Poland

Energy Law (Dz.U. 1997 nr 54 poz. 348)

Legislative
Law
Passed in 1997
This law (with later amendments, lastly in September 2015) defines the principles of state energy policy, conditions for the supply and use of fuels and energy, and the framework for activities of energy companies. It also specifies the authorities responsible for the management of fuels and energy. Among others, it established the basis for independent electricity and gas production and access of independent power producers to the grid, principles for least cost and integrated resource planning, support to high efficiency heat and power production, demand side management and energy efficiency labels.
 It facilities the production of electricity from renewable energy sources (up to 5MW), making them eligible to benefit from a reduced grid connection fee and exempt from paying annual licence fees. Energy providers are allowed to incorporate costs of developing renewable energy into their tariff regimes. Since 1 October 2005, energy enterprises that generate, trade or purchase electricity are obliged to purchase or generate a certain amount of electricity from renewable sources of energy. The obligation will be met through the acquisition and redemption of certificates of origin that certify electricity produced from renewable sources. Transmissions and distribution operators are obliged to accept renewable sources of energy. Similar scheme for heat produced from renewable energy sources entered into force on 1 January 2007.
 The amendment of 26 July of 2013 simplified the setting up a micro-installation (renewable energy sources with no more than 40kW of total installed electrical capacity, connected to electrical grid of a voltage lower than 110kV or no more than 120 kW of total installed heat capacity). Applications to connect a micro-installation to the grid will no longer be subject to a connection fee nor required to attach documents confirming the admissibility of locating the installation in the investment area. In some cases, there will be no need for an interconnection agreement. It also expands the definition of renewable energy sources to aerothermal and hydrothermal, it provides the protection of vulnerable consumers, as well as support for energy-intensive industries.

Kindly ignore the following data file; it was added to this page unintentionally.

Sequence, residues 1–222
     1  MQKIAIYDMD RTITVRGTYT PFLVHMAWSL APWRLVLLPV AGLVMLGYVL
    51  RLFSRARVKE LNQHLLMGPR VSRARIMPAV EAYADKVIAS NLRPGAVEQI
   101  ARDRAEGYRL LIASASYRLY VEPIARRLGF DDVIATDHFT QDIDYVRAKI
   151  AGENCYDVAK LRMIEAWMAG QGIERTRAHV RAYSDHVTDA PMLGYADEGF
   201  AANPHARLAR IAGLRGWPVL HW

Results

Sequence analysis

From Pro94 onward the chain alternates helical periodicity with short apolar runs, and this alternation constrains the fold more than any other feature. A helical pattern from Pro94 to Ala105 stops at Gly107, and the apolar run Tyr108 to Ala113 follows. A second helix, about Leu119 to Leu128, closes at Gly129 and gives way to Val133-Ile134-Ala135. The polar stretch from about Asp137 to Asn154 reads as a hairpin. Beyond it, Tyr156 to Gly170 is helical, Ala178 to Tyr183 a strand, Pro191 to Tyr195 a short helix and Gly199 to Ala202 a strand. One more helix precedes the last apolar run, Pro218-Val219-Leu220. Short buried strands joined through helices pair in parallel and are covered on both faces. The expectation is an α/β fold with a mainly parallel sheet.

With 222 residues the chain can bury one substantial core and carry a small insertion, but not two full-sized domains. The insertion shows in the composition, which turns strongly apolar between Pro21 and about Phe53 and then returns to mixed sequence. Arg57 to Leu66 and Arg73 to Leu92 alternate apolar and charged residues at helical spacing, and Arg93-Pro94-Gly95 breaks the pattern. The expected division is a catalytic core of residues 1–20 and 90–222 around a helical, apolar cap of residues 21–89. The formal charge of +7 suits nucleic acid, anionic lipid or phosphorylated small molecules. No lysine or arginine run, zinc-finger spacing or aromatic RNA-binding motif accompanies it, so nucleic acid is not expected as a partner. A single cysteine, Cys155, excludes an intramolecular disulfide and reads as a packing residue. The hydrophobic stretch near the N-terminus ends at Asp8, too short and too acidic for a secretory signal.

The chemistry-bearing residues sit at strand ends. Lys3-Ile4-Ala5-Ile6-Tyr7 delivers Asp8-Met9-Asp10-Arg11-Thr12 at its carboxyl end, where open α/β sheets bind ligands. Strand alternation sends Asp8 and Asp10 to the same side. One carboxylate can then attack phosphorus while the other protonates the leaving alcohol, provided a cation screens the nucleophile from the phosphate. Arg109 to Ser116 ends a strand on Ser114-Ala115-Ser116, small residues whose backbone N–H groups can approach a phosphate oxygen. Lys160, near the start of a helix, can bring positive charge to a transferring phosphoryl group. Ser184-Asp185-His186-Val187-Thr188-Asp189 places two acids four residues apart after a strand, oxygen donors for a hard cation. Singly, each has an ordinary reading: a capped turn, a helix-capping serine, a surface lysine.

In order to make the gas market more transparent and competitive, the Small Tri-Pack imposes the obligation to sell at least 30% (40% since 2014 and 55% since 2015) of the gas at the exchange markets. The Act also exempts people producing energy from renewable resources for their own purposes from the obligation to obtain the license for the power supply.
 The amendment to the Energy Law from 26 September 2015 introduces measures necessary for the application of the 'REMIT Regulation' of the European Parliament and the Council Regulation no. 1227/2011 (25 October 2011) on the wholesale energy market integrity and transparency. It establishes a legal framework necessary for monitoring the practices of wholesale energy market participants, as well as detecting and deterring fraudulent practices in this sector.

Documents
from the Grantham Research Institute
from the Grantham Research Institute
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